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I really like this, but if this is the case, that the Referee susses out the bonuses and penalties purely based on situation and character expertise, why oh why did they then put all those DMs and rules about how various skills worked? For instance, an Admin roll must be 7+ to succeed, -3 DM for no expertise, and +2 DM for each level of Administration skill. The other text of the game seems to belie your evaluation.
I can see how reading the text a certain way can support your point. However, I see plenty of text that supports the points I make above.
First, if we look to the description of Mechanical in Book 1 we find this:
“Specific throws for specific situations must be generated. Obviously, the throw to fabricate a new main drive bearing as a starship plunges into a flaming sun would be harder than the throw to repair a broken air lock hatch while in port. Success in any mechanical enterprise is also affected by such variables as tool availablity, personal strength and dexterity, education, and situation.”
This suggests, to me at least, an openness to creating Throws and DMs in other elements of play as well.
Further if we scour the text of Traveller Books 1-3 for references to the Admin skill, we find these mentions:
• “Admin might allow a +DM when looking for drugs or other goods where dealing with low or high level bureaucracies might come into play.”
• “If characters are skilled in Admin they may apply the expertise as a DM for the sale of speculative goods. In any given transaction, such DMs may be used by only one person.”
• “Admin may be used as a DM on the Reaction Table when determining the response of a person to business offers or deals.”
• “When searching for a Psionics Institute on a world a DM +1 per level of Admin can be added to the roll.”
• “Admin expertise may affect whether documents that have been forged are inspected.”
Each of the above bullet points are quotes pulled from Books 1-3. Given these quotes, we know Admin is not limited to use as it is described in skill description list in Book 1, but is in fact a DM variable that can be applied in various circumstances.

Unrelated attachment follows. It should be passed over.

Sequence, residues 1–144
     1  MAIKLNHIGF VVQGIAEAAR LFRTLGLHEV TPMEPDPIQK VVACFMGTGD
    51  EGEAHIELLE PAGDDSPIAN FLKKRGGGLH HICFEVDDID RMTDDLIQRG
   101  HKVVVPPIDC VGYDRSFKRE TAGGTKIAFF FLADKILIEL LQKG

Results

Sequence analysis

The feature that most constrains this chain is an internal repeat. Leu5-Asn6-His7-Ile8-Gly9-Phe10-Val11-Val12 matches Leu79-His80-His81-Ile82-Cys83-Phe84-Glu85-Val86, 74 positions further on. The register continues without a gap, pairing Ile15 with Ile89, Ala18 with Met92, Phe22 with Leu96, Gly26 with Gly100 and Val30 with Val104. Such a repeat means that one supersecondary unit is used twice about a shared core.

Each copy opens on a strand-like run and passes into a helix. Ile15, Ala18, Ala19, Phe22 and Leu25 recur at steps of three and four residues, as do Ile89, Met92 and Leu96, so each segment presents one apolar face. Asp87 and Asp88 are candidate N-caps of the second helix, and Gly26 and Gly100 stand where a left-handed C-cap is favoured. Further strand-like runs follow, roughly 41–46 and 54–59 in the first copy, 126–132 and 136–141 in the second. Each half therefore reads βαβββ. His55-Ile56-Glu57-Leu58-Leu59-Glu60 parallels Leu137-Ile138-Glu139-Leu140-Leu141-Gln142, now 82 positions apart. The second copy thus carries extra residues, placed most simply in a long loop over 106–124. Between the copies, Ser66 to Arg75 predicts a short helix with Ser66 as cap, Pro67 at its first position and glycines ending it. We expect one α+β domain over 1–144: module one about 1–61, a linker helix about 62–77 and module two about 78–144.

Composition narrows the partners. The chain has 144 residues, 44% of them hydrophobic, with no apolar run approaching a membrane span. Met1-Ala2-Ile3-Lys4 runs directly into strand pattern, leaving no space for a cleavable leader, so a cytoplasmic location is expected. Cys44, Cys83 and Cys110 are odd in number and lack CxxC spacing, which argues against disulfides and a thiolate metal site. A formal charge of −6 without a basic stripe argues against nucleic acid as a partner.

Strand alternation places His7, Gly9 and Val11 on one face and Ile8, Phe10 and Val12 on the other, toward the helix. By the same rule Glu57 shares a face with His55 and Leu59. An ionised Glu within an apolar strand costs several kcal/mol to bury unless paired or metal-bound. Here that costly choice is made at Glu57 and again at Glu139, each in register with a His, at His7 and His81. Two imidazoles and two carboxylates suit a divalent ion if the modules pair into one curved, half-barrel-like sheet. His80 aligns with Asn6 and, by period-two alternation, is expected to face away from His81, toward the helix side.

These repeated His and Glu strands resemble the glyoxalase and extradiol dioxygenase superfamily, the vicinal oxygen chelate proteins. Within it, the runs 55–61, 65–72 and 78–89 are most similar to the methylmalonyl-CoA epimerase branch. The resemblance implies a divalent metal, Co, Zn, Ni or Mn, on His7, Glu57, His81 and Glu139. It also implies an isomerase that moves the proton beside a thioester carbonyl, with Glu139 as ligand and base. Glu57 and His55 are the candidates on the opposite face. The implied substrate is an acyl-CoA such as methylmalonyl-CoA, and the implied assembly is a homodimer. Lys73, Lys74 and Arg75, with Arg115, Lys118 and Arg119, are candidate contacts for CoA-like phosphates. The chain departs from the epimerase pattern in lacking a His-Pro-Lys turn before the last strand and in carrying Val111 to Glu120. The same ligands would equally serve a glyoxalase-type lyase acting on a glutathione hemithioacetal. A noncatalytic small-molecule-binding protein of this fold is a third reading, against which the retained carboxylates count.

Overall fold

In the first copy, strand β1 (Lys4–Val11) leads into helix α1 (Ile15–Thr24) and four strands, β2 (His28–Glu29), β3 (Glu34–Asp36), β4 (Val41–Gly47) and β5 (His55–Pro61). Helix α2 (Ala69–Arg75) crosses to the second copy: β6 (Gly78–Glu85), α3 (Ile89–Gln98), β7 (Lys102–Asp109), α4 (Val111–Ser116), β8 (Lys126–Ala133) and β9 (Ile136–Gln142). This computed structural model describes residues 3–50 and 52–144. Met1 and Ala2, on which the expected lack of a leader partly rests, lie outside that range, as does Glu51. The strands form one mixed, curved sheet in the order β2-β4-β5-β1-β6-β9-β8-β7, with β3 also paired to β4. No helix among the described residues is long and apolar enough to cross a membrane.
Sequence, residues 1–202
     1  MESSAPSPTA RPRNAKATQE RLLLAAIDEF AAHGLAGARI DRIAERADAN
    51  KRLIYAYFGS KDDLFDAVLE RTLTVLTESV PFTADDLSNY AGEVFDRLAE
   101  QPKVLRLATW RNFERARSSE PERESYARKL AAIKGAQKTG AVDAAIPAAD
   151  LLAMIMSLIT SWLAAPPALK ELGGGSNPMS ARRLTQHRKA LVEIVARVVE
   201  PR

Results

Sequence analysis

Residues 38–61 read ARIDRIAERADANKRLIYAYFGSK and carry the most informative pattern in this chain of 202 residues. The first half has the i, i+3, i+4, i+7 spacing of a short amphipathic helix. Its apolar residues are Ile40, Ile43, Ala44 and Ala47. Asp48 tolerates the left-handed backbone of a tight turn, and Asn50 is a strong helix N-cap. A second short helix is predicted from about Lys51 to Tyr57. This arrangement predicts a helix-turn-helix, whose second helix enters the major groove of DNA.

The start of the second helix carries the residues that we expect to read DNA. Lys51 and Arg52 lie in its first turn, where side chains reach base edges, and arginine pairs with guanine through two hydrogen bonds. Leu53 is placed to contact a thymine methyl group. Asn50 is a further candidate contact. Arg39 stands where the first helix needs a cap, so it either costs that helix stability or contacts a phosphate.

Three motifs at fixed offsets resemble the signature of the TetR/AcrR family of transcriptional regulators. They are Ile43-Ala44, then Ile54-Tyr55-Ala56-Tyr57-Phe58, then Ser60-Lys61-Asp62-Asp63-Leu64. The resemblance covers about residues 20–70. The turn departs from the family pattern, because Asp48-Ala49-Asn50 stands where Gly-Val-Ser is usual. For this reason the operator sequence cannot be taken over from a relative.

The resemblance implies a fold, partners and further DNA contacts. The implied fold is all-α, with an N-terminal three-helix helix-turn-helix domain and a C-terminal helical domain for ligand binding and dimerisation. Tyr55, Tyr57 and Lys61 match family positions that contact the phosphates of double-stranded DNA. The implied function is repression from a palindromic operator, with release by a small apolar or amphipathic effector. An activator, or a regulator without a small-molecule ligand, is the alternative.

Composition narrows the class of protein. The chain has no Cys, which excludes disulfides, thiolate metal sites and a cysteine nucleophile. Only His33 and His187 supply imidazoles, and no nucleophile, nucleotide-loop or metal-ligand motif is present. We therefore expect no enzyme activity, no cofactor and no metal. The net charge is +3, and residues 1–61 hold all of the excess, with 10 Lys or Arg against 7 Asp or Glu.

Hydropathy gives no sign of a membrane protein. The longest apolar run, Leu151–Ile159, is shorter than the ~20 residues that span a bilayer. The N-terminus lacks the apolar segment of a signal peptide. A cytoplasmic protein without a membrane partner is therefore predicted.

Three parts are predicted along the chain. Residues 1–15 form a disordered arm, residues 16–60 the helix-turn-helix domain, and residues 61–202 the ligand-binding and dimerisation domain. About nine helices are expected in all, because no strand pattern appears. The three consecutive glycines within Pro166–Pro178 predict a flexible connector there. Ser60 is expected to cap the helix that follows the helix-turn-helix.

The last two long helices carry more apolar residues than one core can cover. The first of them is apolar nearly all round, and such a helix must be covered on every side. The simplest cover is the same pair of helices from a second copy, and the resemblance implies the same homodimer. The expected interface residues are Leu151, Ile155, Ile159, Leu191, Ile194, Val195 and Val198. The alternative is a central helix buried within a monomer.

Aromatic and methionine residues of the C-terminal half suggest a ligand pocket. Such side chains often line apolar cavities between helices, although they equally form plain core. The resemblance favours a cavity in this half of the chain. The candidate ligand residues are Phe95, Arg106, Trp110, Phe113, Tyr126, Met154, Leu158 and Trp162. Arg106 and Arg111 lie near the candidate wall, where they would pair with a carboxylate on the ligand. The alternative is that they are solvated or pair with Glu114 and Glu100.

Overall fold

Finally, my first point above might seem too elastic. “Sure,” someone might say, “the description of Mechanical says the Referee has to come up with Throws and DMs — but the other skills don’t have that.
But I have to point everyone to the passage I quote above under the heading “The Missing Rule”, found on page 20 of the 1977 edition of Book 1. The passage is found at the end of the skill description list, there is this paragraph that was dropped from further editions of the game. It is the centerpiece of the post above and is so important I’m going to quote it again:
“Skills and the Referee: It is impossible for any table of information to cover all aspects of every potential situation, and the above listing is by no means complete in its coverage of the effects of skills. This is where the referee becomes an important part of the game process. The above listing of skills and game effects must necessarily be taken as a guide, and followed, altered, or ignored as the actual situation dictates.”
Although this paragraph was dropped after 1977, the essence of the design philosophy is found throughout Traveller Books 1, 2, and 3. The text of the skill descriptions is “a guide” and the text should be “followed, altered, or ignored as actual situation dictates.”
Given all of the above it’s clear (at least to me) that the description of Admin in Book 1 is a starting point for using the Admin skill, not limitation on how to use it. And this applies to all the other skills as well.
This is why I find the 68A system with Ref-defined mods to be a good one. My tendency would be to simply run with all Throws being Ref-defined, and not use the “Admin is a 7+ with +2 per level of Admin” mess defined for each because it is too hard to stop playing to reference the rules.